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||| media-space! opening speech |||
Peter Lamborn Wilson

Speech at Public Netbase Media-Space! Opening. 28th February, 1997.
||| [part 1] ||| [part 2] |||
Right now, capital presents itself as a single world, a globe. They talk about global markets. The neoliberal idea is that there is a global market and that money should be free within this system. As far as they are concerned, there is only one world. There is no Second World. That was communism. So, certainly, there is no Third World, because if you donít have a Second, you certainly canít have a Third. It is one world and, in that world, there are areas of inclusion, there are areas of exclusion. There are areas of security, there are areas of depletion, of debt, of sucking away all vitality. The world will be divided on this basis. Instead of two clashing ideologies, there will be simply capital and that which is excluded from capital. Including even perhaps government. This is a very curious business. As an old anarchist myself, it is difficult to make this mental adjustment: that it is no longer government that is the number one problem. In fact, in a strange kind of way, there may even be political possibilities. I donít want to say more about this because it is very fuzzy in my mind. The future is going to be very strange indeed. We are now beginning the 21st century. Most people are so tied to the clock that they havenít realized that yet. They think that the 21st century will begin in 2000 or 2001, but it has already begun and it is really just getting under way. As we go into this new century and into this new situation, we have to ask ourselves, as workers in media, which of these directions are we going to go.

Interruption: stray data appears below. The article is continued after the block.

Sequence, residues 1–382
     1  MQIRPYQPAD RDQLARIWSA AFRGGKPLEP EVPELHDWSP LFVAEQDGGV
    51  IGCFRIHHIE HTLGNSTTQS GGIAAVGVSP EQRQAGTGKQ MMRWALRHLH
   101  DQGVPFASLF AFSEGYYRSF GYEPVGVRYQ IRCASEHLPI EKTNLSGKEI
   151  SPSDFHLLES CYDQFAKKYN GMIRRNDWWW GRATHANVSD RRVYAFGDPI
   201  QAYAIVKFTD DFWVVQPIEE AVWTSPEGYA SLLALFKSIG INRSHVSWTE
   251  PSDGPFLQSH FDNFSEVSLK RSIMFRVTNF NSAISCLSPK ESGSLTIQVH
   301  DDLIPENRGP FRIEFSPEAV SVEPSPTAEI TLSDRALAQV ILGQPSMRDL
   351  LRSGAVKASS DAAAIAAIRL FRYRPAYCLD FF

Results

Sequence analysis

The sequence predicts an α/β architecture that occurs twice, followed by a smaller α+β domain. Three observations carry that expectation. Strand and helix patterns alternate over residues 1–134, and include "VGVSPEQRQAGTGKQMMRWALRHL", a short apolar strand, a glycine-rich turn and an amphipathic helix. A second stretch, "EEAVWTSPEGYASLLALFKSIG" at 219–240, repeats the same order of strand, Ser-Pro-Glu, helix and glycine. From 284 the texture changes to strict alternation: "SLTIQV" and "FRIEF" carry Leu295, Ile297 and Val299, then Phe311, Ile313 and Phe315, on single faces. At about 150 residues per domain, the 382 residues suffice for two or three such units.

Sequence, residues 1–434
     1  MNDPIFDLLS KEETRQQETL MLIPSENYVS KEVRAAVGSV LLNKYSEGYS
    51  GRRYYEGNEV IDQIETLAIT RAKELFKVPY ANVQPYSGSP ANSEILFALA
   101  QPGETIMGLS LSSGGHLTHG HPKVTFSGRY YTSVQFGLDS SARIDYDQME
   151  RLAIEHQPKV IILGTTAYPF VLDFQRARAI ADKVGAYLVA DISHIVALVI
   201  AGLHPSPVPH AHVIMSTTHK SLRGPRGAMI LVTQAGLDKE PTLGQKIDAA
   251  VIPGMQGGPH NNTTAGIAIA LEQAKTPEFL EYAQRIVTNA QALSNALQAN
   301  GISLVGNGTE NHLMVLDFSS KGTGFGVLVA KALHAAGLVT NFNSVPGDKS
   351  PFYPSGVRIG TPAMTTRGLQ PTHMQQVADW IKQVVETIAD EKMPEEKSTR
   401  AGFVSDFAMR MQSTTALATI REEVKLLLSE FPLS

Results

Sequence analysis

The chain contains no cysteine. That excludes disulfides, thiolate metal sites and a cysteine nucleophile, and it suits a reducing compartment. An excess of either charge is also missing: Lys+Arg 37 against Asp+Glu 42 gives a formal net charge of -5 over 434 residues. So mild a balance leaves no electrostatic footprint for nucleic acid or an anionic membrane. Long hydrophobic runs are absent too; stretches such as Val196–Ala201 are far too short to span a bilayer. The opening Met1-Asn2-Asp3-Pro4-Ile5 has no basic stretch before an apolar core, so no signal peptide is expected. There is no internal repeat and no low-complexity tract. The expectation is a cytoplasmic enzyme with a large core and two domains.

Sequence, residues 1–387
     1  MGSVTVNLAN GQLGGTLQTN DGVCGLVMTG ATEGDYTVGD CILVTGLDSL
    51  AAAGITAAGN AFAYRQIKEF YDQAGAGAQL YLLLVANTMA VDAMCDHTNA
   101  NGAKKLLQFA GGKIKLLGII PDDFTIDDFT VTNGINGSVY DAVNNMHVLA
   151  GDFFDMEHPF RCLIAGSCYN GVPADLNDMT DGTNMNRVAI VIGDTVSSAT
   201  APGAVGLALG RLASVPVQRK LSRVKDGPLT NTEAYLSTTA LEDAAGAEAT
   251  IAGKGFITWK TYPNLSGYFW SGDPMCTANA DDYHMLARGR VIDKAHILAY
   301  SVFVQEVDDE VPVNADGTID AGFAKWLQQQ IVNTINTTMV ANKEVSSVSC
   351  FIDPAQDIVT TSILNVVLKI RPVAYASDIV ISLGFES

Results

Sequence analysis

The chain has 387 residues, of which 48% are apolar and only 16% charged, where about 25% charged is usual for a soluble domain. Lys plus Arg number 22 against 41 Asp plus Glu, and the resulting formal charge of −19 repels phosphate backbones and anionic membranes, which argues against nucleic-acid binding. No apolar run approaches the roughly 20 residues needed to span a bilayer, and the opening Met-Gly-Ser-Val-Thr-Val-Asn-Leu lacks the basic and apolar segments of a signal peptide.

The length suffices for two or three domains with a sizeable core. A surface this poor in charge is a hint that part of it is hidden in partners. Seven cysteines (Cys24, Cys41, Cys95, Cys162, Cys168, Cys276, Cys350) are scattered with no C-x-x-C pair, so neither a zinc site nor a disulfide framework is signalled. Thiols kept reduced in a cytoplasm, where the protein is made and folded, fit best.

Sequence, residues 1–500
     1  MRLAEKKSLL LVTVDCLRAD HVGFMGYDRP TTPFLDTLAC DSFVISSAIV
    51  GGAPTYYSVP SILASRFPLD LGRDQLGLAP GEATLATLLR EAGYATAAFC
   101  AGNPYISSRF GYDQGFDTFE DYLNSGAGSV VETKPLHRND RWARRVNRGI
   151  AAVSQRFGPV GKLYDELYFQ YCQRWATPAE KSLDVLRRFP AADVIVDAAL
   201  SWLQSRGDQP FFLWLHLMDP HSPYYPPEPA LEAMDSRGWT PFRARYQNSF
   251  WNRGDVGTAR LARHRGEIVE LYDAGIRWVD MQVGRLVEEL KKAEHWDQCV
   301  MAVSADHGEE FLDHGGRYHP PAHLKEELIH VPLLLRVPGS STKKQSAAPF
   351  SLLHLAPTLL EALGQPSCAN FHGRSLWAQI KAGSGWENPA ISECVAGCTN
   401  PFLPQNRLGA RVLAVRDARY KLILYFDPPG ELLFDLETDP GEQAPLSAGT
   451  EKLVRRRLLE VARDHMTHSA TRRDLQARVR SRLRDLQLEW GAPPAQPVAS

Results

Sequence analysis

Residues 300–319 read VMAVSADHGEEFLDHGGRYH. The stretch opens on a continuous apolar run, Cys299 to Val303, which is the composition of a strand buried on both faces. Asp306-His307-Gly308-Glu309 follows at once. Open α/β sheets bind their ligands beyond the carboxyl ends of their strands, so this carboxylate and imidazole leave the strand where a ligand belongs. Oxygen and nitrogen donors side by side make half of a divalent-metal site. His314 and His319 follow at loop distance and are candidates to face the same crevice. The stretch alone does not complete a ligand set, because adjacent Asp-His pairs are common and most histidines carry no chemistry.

That doesnít mean that if I decide to oppose capital that I necessarily mean that I would physically or politically remove myself entirely from the flow of money. You canít do anything without money. So that is impossible. But it does mean that I would have a strategy. I would have not just have tactical thinking but some kind of overall strategy with a long term goal to oppose the injustice and imposed debt that capital sees as our future. In this case, I think that the Internet will take on a new meaning. We know it is not going to save our souls. We can be pretty sure that we are not going to be replaced by intelligent machines. That would solve a lot of problems, of course. We could all just retire to Florida and enjoy ourselves. But now Iím afraid weíre stuck in the human condition. We could either capitulate and become part of that comfortable world, or we could somehow move into opposition.